The government's effort to calm popular anger before the strike has failed so far.

The state-run Nigerian Television Authority cut away from shouting lawmakers at one point Sunday to show Jonathan attending an unannounced launching ceremony for a proposed mass transit program for the country. Speaking to a largely empty parade ground, Jonathan said some politicians could not attend as they were preparing for the coming Monday strike by "some societies".

The president also appeared personally stung by rampant criticism of him and his government on social media, making a point to mention how some erroneously said he had left the country to attend the 100th anniversary of the African National Congress in South Africa on Sunday.

"There are a lot of mischief makers that are going around misinforming Nigerians, especially using the social networks, the Twitter, [BlackBerry messenger], the Facebook and others," Jonathan said.

"But that is Nigeria for you: there's a lot of wrong information that is being put into the system to confuse Nigerians."

Comments
  • Ijeoma - 2012-01-09 09:48

    JASMINE I am amazed that we Nigerians still have this slave mentality like an Esau's generation that want to live today and die tomorrow. How can the House of Rep who should have a better foresight and who knows that removal of fuel subsidy is the key to a better economy still vote, out of sentiments, for the maintanance of fuel subsidy.Their gathering should have been to suggest rules and laws to ensure the implementation of palliative measures on transportation and electricity for a period of about 10 yrs during which the economy would have stabilized. What the masses are complaining about are high transport costs and high prices of items emanating from cost of transporting these items and cost of running their businesses on generators.Is it possible that over 300 intelligent lawmakers of the national assembly can not figure out what to do? Or is it a calculated effort to fault this government and impeach our president? May God judge all of you and your generations if there is no Nigerian Economy tomorrow!! However, the FEC also have their own fault: fuel subsidy should have been removed immediately after the buses arrived. This would have calmed the beginning unpleasant effects of subsidy removal.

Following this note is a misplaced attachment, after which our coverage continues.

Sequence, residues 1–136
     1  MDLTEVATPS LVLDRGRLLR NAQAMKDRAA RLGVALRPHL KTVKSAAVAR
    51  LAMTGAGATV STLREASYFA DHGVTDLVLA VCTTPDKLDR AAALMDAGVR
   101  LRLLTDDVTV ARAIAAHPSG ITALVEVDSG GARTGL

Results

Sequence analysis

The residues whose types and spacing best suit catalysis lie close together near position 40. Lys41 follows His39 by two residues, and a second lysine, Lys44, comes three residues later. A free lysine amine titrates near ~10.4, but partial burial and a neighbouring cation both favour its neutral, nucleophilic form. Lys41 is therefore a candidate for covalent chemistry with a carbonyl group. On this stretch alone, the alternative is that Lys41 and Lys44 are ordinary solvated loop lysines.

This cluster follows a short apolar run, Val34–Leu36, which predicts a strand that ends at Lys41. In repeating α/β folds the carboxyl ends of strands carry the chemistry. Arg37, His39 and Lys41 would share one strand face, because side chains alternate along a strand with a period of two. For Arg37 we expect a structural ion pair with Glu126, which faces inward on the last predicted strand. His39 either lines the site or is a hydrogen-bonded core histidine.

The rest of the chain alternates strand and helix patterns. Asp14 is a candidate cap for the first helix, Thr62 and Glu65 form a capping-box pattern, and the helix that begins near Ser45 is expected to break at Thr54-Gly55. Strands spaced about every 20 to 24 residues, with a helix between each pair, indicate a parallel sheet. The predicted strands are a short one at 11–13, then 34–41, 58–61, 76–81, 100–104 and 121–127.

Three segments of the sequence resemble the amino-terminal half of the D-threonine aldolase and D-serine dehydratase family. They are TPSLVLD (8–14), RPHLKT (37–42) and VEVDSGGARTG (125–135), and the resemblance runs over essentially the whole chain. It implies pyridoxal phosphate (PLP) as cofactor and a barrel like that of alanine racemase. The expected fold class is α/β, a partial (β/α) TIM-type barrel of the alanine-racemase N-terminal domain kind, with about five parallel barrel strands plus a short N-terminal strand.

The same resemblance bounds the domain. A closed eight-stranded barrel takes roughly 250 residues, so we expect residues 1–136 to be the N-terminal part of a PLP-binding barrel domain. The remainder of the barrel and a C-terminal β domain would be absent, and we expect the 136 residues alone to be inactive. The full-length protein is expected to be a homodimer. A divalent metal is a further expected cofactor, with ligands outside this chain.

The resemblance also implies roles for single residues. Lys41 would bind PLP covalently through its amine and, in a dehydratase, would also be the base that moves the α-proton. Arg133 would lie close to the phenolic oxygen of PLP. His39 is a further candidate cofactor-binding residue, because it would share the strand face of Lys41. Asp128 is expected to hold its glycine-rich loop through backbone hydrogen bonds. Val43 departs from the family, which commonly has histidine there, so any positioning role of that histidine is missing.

cympulsimon - 2012-01-09 11:06

      Ijeoma I feel sorry for you. Thats all I can say.

      Vince.York - 2012-01-10 12:33

      Well pointed out ljeoma - but way above the heads of most who have become reliant on easy grant gifts & subsidies, especially in light of most of Africa having perfected seeking handouts as a profession, then setting up family and friends to prolong and ensure permanence of the aid and grants. Mocambicans set about burning the roads and cities and then flooding the new freeways with shanty-shops reducing access lanes from 6 to 1, whenever a price increase is mentioned. RSA on the other hand just avoids setting up long-term infrastructure for transport or energy, rather in favor of going with very short term taxi's and pollution riddled power stations that suit connected persons & political party tender contracts - with an occasional luxury fast train of 50km thrown in and a couple of popular rallies. By the way, are foreign aid funds etc about to dry up in Nigeria when/if the EU collapses or will the Islamic 'friends' come to the rescue? Tragic to see that violent colonization of the past 5000 years bearing down so harshly on Nigerians and so little being actively done to drive it out of the country.

  • aniekan.udo1 - 2012-01-09 12:41

    The arrival of a new born baby boy is always surrounded by sharp pains of his mother. . .nothing good comes easily. . .nlc and tuc should withdraw the strike, dialogue with Jonathan so that this country can move foward. everyday we talk about change and yet we don't want to make sacrifices.

      bmachiavelli1 - 2012-01-09 13:22

      Nicely said niek, I'm sure you're not in Nigeria!